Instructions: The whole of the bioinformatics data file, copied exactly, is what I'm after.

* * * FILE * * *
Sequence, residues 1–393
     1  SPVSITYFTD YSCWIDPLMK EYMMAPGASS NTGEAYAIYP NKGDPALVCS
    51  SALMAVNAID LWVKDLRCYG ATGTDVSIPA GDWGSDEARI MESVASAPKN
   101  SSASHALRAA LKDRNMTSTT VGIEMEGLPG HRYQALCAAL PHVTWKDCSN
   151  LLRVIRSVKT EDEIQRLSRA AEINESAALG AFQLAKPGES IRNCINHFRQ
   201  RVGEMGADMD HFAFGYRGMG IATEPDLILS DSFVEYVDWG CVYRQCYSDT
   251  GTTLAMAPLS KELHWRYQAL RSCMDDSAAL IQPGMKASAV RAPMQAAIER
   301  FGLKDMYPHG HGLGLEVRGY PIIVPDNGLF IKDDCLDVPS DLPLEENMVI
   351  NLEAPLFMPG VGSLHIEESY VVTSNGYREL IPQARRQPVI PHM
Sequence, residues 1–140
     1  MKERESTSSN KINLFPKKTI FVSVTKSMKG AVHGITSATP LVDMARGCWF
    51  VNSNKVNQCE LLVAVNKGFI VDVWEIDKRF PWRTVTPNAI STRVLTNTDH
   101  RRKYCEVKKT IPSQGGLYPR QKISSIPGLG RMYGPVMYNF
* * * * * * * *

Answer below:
Sequence, residues 1–393
     1  SPVSITYFTD YSCWIDPLMK EYMMAPGASS NTGEAYAIYP NKGDPALVCS
    51  SALMAVNAID LWVKDLRCYG ATGTDVSIPA GDWGSDEARI MESVASAPKN
   101  SSASHALRAA LKDRNMTSTT VGIEMEGLPG HRYQALCAAL PHVTWKDCSN
   151  LLRVIRSVKT EDEIQRLSRA AEINESAALG AFQLAKPGES IRNCINHFRQ
   201  RVGEMGADMD HFAFGYRGMG IATEPDLILS DSFVEYVDWG CVYRQCYSDT
   251  GTTLAMAPLS KELHWRYQAL RSCMDDSAAL IQPGMKASAV RAPMQAAIER
   301  FGLKDMYPHG HGLGLEVRGY PIIVPDNGLF IKDDCLDVPS DLPLEENMVI
   351  NLEAPLFMPG VGSLHIEESY VVTSNGYREL IPQARRQPVI PHM
Sequence, residues 1–140
     1  MKERESTSSN KINLFPKKTI FVSVTKSMKG AVHGITSATP LVDMARGCWF
    51  VNSNKVNQCE LLVAVNKGFI VDVWEIDKRF PWRTVTPNAI STRVLTNTDH
   101  RRKYCEVKKT IPSQGGLYPR QKISSIPGLG RMYGPVMYNF